Plow truck operators have been working to keep up with the back to back snow storms that decorated our area with over two feet of snow this week.


Plow truck operators have been working to keep up with the back to back snow storms that decorated our area with over two feet of snow this week.
Karen Dussinger, PennDOT spokesperson for District #4, urged the public to have patience. She reminded drivers to allow at least six car lengths behind a plow truck, to avoid collisions and ant-skid material being dispersed. “The average snowplow truck weighs 50,000 pounds while the average car weighs about 3,000 pounds,” said Dussinger. “Be extra careful and not take chances around snowplows.”
Hawley Borough had extra help this year from a contracted plower (Gibbons). Council President Don Kyzer  said that their borough crew worked with two trucks and a front end loader to push the snow into piles. Kyzer estimated it may take as long as two weeks for the contractor to remove the great piles of snow, which are taken to Riverside Park.
The crew is working to clear catch basins out of concern of flooding once temperatures rise next week, Kyzer said. He estimated that they  received about 22 inches of snow.
Waymart Borough faced a crisis when the storm began. The day before the first storm, Council President Chip Norella said, their lone dump truck broke down. It appears to be the transmission, and there was not time to get it fixed in time.
Thanks to an outpouring of community support, however, the streets have been cleared quicker than normally expected, Norella stated. Waymart Builders, Grimm Construction and Waymart Area Authority pitched in with vehicles and manpower. Grimm brought six trucks. They assisted their two man Public Works Department, Rocky Edwards who used his personal truck, and Teddy Barna, who operated their recently acquired backhoe.
As in Hawley and Honesdale, residents are required to clean their sidewalks of snow and ice. Norella said that although Waymart’s ordinance gives residents 12 hours, due to the amount of snow, the borough will exercise patience.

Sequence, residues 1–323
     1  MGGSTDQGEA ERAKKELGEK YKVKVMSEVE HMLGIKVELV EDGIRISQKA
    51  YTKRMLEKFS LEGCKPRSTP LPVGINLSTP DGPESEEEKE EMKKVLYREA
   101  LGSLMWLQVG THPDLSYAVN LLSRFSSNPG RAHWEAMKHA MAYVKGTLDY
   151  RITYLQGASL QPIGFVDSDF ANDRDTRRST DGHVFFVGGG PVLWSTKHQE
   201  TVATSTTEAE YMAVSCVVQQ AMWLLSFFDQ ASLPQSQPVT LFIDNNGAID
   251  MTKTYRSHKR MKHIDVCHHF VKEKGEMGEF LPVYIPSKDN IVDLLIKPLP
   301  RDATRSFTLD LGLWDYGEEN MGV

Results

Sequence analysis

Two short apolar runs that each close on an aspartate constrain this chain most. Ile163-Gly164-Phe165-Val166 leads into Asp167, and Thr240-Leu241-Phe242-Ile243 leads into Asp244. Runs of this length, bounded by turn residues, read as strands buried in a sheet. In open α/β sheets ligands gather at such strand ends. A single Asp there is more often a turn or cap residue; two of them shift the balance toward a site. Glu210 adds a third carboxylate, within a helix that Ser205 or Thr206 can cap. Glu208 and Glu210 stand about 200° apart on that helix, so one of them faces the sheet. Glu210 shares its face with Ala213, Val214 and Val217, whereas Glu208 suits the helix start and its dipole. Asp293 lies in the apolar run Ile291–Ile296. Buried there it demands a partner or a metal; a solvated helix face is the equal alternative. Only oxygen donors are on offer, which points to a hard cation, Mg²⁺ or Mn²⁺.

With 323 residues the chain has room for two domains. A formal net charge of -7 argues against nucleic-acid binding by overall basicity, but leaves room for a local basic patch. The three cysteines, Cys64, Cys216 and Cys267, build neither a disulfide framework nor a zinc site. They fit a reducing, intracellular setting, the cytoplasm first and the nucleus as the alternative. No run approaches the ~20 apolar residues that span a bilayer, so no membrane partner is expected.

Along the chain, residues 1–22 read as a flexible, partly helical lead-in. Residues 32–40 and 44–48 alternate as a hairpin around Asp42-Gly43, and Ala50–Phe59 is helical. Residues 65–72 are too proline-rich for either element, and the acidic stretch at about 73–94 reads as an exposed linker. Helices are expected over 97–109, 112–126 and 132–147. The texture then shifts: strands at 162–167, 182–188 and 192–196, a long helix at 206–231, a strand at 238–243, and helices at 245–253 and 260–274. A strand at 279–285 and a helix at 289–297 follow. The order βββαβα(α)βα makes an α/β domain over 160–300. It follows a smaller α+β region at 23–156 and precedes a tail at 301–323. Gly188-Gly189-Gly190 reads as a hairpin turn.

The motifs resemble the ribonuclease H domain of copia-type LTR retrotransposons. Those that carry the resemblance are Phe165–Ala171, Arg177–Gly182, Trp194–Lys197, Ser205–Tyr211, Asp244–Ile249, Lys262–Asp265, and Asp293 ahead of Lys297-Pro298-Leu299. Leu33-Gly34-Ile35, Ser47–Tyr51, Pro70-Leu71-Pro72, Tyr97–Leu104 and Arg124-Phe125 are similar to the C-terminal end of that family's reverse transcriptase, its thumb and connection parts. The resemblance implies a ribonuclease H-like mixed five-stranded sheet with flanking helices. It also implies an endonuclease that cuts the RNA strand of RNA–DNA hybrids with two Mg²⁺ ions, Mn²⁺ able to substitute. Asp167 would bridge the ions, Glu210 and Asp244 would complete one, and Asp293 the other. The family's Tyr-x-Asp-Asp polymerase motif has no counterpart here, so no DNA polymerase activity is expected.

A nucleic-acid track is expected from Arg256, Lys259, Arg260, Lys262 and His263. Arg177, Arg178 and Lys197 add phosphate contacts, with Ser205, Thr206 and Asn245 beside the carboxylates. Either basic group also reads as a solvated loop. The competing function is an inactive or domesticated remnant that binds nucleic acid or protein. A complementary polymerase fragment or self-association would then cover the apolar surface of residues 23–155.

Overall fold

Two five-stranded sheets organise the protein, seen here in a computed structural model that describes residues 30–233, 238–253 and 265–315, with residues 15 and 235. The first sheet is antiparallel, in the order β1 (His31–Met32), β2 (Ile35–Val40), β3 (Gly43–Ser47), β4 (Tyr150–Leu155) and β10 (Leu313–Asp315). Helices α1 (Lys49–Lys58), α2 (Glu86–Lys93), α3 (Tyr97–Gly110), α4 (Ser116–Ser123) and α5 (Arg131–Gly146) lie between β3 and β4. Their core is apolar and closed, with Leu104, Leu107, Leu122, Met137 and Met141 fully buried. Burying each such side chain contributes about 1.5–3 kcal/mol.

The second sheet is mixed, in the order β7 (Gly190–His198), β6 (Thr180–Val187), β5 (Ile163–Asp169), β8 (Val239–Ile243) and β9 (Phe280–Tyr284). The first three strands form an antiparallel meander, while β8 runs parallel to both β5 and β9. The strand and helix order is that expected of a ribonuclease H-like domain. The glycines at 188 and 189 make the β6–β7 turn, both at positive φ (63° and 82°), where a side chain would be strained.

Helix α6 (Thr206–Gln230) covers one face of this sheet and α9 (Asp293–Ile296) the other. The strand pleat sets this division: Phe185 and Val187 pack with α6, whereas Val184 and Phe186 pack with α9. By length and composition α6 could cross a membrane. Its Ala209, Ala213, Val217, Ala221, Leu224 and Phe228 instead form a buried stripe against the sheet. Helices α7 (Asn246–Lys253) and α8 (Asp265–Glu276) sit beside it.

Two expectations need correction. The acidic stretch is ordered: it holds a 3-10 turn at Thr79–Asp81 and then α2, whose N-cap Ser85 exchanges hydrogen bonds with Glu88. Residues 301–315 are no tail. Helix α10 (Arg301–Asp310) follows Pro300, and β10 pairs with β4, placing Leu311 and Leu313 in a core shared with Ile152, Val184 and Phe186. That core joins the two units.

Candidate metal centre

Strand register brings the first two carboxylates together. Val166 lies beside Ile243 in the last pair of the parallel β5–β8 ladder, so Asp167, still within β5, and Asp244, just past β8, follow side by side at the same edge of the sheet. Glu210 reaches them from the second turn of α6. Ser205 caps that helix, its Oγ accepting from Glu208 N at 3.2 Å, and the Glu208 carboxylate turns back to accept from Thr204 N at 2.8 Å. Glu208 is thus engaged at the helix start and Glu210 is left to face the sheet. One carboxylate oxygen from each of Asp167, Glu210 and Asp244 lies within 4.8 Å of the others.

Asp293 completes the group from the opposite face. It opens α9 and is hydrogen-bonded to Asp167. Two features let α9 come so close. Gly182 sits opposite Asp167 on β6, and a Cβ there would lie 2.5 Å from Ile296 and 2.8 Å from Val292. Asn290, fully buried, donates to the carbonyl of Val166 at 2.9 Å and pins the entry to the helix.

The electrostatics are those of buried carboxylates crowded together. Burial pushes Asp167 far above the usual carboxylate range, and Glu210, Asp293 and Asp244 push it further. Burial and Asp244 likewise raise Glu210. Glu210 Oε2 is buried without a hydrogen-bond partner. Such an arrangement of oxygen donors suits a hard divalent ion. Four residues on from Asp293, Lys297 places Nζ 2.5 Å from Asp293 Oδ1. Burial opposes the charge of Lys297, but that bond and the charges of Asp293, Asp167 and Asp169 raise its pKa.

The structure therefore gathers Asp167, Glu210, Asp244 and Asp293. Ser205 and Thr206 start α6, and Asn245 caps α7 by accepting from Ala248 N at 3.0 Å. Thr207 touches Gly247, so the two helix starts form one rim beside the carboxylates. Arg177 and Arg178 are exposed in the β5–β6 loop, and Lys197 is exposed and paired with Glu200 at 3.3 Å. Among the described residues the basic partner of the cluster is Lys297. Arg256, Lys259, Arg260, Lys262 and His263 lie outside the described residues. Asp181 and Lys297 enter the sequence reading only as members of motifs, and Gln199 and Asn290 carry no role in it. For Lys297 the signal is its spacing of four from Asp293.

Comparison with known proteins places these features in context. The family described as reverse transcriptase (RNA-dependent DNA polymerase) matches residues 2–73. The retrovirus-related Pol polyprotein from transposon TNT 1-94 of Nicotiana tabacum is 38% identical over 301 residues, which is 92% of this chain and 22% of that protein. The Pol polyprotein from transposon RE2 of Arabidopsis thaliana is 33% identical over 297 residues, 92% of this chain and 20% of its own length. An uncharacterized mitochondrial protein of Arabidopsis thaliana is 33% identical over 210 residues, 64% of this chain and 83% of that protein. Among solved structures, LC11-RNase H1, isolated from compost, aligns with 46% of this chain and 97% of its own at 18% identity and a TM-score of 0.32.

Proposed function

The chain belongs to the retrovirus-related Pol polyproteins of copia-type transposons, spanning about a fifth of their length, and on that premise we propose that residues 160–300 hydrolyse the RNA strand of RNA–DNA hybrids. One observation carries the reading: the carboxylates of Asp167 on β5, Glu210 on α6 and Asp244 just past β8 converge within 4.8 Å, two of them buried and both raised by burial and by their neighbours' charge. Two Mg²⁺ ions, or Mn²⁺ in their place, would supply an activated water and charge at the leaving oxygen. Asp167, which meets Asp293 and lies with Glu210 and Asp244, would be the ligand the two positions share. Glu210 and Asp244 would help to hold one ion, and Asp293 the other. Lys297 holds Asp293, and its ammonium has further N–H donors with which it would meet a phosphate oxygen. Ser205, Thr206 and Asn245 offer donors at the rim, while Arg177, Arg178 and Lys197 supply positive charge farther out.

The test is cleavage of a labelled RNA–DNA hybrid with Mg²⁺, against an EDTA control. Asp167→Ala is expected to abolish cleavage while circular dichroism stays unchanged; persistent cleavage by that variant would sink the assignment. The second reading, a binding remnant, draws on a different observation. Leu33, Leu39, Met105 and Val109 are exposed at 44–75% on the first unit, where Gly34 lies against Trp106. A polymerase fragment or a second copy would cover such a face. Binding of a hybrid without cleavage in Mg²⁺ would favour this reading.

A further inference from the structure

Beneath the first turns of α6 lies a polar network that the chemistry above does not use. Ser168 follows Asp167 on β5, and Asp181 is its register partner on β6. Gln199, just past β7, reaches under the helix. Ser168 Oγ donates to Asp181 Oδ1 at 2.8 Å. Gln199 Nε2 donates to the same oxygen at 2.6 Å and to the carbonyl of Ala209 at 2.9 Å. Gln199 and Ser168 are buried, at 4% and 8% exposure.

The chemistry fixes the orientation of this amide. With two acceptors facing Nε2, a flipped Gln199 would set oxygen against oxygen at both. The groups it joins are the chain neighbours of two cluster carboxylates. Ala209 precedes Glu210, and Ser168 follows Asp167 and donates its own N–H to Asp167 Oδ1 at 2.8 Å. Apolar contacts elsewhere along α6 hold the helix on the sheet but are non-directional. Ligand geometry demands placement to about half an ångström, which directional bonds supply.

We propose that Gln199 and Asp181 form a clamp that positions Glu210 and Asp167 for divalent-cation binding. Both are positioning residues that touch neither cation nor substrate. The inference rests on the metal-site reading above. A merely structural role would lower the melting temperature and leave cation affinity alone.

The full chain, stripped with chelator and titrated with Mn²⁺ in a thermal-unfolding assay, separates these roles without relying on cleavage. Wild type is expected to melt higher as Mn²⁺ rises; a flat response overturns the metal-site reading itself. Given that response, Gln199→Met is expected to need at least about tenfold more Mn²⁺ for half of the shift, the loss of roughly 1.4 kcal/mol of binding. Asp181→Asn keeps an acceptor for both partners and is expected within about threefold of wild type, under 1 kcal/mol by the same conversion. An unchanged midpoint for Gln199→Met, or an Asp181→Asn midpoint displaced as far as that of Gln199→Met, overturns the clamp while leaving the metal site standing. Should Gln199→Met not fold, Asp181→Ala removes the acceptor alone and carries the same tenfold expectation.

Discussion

In Honesdale, the Public Works Department was out through the night battling Thursday’s storm. City Hall was closed Friday. Council President Ed Langendoerfer was out helping their six-man road crew. He said that they have about 19 miles of road to plow; there was so much drifting it took about six or seven passes to clear a street.
“Please smile and offer an appreciative wave if you see one of our workers out and about,” Mayor Jonathan Fritz said in a prepared statement.  “These two storms have been particularly challenging because they were back-to-back. A not so subtle reminder of what old man winter is capable of. We ask that people proceed with caution. Sight lines in some places are diminished because of snow piles. Please be courteous and check on your nearby resident; do they need help? Are they elderly and, perhaps, over doing it? This is a key time to be considerate and neighborly. Times like this remind us how lucky we are to leave in a smaller town composed of hard working, all-around kind hearted folks. Keep faith, Spring will be arriving soon.”
Borough residents are required clear around fire hydrants, Langendoerfer reminded.
Accuweather cautioned that gusts can be expected into Saturday which will lead to extensive drifting in open areas.  “Renegade bursts of snow” will continue to spin around the slowly diminishing storm, covering some roads and driveways again. Keep those snow shovels handy.